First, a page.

On January 4th 1642 an event happened which, more than any other, propelled England to Civil War. On that day King Charles I entered the Chamber of the House of Commons with an armed guard to arrest five Members of Parliament accused of high treason. They wre forewarned and escaped. Although tensions between Parliament and monarch over finance and religion had been building since the days of Charles father, James I, this event was significant. From this point forward both sides start preparing for conflict. The event is commemorated today during the ceremony of the Opening of Parliament each year. As the monarch is not allowed in the Commons, the queen summons MPs to the Lords chamber. As he approaches the Commons chamber, the queen’s messenger, Black Rod has the door slammed firmly in his face. Sadly history provides numerous occasions since 1642 when the monarch has continued to interfere with parliament.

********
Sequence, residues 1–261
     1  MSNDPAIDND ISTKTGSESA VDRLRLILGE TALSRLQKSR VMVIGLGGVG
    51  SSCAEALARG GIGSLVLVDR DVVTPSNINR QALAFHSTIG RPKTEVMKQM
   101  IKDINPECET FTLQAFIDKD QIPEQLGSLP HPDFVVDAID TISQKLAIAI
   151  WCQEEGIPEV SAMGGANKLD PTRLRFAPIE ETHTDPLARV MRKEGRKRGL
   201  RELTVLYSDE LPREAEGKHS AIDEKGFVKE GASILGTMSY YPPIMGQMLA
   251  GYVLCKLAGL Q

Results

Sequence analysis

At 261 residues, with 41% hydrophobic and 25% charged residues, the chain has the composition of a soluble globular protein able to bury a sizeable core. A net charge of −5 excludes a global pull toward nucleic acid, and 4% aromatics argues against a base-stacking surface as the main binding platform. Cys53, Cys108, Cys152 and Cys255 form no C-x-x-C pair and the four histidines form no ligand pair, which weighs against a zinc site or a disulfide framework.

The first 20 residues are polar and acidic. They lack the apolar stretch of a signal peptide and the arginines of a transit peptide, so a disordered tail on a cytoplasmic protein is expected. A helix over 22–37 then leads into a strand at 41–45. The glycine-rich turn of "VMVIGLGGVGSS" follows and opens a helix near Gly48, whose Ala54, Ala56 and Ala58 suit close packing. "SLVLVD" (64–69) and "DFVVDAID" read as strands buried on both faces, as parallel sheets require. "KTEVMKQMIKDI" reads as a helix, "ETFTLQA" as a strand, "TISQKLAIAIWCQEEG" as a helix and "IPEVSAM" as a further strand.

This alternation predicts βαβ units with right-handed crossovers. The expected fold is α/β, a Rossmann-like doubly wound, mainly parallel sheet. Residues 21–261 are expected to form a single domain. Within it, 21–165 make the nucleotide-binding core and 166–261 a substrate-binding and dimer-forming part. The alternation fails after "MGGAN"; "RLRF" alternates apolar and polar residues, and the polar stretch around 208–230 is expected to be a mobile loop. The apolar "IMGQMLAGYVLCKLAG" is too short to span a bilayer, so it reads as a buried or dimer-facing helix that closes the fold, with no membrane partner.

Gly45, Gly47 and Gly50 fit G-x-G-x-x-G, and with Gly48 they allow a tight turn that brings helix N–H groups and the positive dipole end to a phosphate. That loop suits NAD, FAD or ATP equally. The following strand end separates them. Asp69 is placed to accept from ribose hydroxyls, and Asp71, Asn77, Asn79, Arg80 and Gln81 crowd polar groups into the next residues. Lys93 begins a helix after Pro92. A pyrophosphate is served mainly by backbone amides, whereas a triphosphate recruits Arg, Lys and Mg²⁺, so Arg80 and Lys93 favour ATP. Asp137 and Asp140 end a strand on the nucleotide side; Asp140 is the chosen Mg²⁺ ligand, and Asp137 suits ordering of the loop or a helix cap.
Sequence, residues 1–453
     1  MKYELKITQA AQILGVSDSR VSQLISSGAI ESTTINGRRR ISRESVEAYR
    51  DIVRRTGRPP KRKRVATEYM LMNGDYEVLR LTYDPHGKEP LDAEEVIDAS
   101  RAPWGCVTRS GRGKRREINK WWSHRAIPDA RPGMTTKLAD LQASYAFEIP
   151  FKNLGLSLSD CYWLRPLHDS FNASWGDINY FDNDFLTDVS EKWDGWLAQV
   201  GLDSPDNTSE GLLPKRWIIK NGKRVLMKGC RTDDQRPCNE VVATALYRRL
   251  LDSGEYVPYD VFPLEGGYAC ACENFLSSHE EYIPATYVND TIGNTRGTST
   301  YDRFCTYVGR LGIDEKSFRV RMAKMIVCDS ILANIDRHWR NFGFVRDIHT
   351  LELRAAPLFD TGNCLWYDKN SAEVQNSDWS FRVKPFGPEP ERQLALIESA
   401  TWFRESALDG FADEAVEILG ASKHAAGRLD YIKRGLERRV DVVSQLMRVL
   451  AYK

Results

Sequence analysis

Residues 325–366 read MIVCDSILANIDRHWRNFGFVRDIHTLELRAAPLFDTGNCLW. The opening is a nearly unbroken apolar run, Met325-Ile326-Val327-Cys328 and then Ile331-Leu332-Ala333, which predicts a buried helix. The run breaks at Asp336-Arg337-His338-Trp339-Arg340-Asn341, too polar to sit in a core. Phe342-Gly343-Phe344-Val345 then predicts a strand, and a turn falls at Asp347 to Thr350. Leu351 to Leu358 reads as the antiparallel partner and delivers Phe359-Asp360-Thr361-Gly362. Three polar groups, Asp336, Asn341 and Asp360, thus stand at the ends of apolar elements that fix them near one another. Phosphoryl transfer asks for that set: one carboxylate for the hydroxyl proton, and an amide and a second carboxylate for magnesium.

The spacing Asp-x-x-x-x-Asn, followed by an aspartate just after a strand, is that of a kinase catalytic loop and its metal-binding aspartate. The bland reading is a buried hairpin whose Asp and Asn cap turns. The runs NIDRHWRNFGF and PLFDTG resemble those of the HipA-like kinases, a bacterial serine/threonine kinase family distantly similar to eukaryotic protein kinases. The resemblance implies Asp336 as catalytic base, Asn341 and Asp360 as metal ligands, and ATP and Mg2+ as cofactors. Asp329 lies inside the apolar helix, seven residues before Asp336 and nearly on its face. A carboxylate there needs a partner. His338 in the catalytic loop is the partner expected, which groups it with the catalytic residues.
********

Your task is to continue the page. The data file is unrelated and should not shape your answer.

Now fast forward to January 4th 1649. Charles Stuart is finally defeated and Parliament has lost patience trying to reach a negotiated settlement to restore the monarchy due to Charles dishonesty. On this date Parliament votes to try Charles for treason, the penalty for which is execution. One factor which stands out during the English Revolution is the concern amongst the leaders with legitimacy (by the authority of Parliament, of the House of Commons, of the People, etc) and not descending into an armed rabble. In this case there was no precedent in English law for trying a monarch but it was still possible to refer to ancient Roman law. The order setting up the High Court of Justice to try Charles was written by a Dutch lawyer, Issac Dorislaus basing his work on a Roman law which stated that a military body (Parliament counted via its control of the New Model Army) could legally overthrow a tyrant. This decision to try Charles and not summarily execute him was a singular moment in history. Future revolutions (including the Americans and the French) felt compelled to act with authority and try the accused where possible. While this has not always happened a broader concern with the legitimacy of military force lives with us today in such bodies as the International Criminal Court which deals with war crimes.